After a year-long battle in court, the Internal Revenue Service (IRS) has notched a victory over Coinbase, a leading cryptocurrency exchange headquartered in San Francisco. The Nov. 28 federal court ruling ordered that the company turn over the identities of more than 14,000 of its users.
A famous New York rapper once said that he had “more money, more problems.” Is this notion actually true? When it comes to your tax returns as a high-income earner, it just might be. As the 2017 fiscal year came to a close, the IRS announced that it is changing the way it examines tax returns and wealthy taxpayers are expected to be most affected. Let’s look at the reason for the change and how you can potentially avoid trouble.
According to the Tax Foundation, 1.2 million Americans had their taxes audited by the Internal Revenue Service in 2015. Predicting who will be audited and why is difficult because tax law changes every year. Additionally, the IRS could change their focus from one group to another annually as new issues emerge.
The number of IRS audits has decreased in each of the last five years. In 2016, only one in 143 individual taxpayers was audited. While audits are a necessary aspect of our tax system, it is safe to say most taxpayers will not lose sleep about the decreased likelihood of an audit.
Charities, foundations and other nonprofit organizations play a crucial role at all levels of society with the overarching goal of serving the public good. While this mission is admirable, the fact remains that nonprofits must comply with a number of tax regulations in order to keep their tax-exempt status. The IRS and state tax agencies expend substantial resources in order to ensure that nonprofit organizations are enriching the public, and not enriching themselves.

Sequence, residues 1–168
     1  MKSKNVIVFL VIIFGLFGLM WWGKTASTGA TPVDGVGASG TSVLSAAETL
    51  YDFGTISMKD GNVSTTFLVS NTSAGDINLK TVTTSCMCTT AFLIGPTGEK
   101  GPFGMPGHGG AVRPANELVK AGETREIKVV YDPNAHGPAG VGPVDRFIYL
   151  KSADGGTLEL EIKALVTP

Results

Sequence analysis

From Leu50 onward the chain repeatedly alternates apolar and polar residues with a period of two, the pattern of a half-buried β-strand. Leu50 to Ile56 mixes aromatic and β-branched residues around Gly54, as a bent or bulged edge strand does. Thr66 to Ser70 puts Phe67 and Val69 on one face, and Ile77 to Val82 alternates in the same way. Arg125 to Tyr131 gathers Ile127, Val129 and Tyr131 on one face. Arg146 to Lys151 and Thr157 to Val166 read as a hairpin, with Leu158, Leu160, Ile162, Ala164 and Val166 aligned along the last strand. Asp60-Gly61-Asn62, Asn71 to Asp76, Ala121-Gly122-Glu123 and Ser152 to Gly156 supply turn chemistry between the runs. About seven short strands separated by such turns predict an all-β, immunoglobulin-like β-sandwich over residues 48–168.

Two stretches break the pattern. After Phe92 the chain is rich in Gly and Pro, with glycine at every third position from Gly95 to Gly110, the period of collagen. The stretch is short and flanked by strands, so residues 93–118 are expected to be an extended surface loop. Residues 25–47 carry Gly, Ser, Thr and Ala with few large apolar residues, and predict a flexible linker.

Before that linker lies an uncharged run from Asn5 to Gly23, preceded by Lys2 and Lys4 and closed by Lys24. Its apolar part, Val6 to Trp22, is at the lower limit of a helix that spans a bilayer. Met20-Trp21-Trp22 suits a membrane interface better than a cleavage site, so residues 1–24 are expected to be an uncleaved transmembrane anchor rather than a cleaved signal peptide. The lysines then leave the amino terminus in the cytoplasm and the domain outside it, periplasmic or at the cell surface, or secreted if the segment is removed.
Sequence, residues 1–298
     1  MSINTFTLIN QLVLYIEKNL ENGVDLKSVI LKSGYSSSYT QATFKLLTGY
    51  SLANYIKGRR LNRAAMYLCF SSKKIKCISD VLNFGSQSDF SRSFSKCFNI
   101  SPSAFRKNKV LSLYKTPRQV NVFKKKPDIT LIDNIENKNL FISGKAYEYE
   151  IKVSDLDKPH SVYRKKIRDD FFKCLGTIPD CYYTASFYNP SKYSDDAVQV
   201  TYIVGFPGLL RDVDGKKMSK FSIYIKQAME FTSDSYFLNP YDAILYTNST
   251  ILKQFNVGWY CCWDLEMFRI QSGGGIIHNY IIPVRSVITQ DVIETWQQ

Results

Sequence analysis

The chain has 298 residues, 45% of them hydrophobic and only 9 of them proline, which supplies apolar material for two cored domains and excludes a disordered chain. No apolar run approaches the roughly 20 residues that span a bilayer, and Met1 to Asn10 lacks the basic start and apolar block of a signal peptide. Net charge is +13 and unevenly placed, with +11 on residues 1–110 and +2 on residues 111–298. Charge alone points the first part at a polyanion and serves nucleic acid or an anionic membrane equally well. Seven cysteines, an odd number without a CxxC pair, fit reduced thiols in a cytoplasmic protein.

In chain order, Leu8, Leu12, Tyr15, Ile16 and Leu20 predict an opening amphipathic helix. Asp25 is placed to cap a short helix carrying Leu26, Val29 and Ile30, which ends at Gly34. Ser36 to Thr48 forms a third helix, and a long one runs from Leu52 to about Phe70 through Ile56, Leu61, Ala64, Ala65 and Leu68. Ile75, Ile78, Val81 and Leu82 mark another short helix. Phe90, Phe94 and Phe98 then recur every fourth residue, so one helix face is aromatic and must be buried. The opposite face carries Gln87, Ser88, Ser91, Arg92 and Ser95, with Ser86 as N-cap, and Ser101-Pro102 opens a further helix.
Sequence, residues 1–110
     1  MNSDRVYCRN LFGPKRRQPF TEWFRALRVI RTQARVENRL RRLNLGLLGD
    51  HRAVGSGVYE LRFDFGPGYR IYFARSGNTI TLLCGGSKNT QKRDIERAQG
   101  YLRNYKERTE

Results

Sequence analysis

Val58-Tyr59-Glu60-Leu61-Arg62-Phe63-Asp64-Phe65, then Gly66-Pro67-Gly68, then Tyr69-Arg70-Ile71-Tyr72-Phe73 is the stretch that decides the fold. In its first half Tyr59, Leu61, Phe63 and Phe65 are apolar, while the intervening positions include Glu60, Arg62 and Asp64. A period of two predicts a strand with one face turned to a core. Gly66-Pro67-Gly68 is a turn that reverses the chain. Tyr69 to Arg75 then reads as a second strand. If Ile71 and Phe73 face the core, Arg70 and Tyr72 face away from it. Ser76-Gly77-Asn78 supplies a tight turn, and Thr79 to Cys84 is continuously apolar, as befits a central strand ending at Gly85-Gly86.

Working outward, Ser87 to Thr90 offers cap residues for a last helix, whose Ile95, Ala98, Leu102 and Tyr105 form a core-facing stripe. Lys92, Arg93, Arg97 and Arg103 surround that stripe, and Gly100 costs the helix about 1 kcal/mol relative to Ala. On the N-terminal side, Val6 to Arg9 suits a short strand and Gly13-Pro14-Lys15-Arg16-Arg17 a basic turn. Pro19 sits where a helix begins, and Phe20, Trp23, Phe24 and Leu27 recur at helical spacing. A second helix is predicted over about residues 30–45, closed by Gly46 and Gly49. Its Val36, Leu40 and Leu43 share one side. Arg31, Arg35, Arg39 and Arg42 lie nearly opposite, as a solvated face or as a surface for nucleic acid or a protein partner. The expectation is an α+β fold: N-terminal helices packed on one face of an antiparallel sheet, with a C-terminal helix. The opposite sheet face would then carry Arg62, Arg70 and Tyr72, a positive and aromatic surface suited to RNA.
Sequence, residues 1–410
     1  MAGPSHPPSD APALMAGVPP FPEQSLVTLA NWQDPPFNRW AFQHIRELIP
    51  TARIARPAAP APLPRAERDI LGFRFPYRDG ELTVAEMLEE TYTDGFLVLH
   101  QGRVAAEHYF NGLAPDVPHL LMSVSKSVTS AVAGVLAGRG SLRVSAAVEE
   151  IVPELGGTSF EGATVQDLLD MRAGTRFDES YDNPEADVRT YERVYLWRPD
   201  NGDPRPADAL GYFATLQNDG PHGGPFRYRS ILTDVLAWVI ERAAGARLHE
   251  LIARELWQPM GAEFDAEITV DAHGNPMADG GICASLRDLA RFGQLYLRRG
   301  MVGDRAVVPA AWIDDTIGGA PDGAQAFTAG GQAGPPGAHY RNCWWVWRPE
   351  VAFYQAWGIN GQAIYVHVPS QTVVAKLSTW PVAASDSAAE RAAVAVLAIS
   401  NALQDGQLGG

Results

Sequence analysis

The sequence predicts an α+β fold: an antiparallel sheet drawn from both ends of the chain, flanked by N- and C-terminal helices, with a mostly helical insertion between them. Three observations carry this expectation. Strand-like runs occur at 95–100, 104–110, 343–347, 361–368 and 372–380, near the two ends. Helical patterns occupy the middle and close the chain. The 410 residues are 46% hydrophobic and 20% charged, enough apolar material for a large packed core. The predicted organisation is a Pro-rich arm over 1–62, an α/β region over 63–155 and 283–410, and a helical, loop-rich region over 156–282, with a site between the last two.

In recent years, the IRS has devoted vast resources to compel taxpayers to report and pay taxes on offshore assets. As a result of these efforts, the IRS has recovered billions in unpaid taxes. Perhaps the most widely-known tool the IRS uses is the Offshore Voluntary Disclosure Program, or OVDP. When taxpayers submit to the OVDP, they will have to file up to eight years of amended tax returns and Foreign Bank and Financial Account (FBAR) statements, while paying taxes, interest and a penalty of 27.5%, or up to 50%, of the highest balance of these accounts.
Increasing numbers of businesses and individuals across the world are using Bitcoin, a form of digital currency. Coindesk, a company that analyzes digital and virtual currency, states that on average, there are more than 200,000 Bitcoin transactions each day in 2016. This is roughly twice the number of Bitcoin transactions that took place in 2015.
Every tax-exempt and nonprofit organization must place a high priority on complying with applicable federal and state tax laws. The IRS devotes substantial resources examining nonprofits to ensure tax compliance. The IRS recently released its Tax Exempt and Government Entities Work Plan for Fiscal Year (FY) 2017. In this document, the IRS discussed its priorities for FY 2017.
In recent years, the IRS has devoted increasing resources to scrutinizing the tax returns of the very rich. In fact, in a given year, the IRS audits roughly one in four taxpayers with earnings or assets in excess of $10 million. The IRS has its own team of specialists who focus on auditing high net worth individuals and their various holdings. While the IRS calls this group the Global High-Wealth Industry Group, it is known informally as "The Wealth Squad."
Facebook's current market value is estimated at $350 billion. Given its sustained success, Facebook may be in a better position than most companies to deal with the rigors of an audit. With this said, it could be facing a tax debt of many billions of dollars. In a quarterly report released last month, Facebook revealed the IRS claimed it owed between $3 billion and $5 billion. This figure does not include penalties and interest.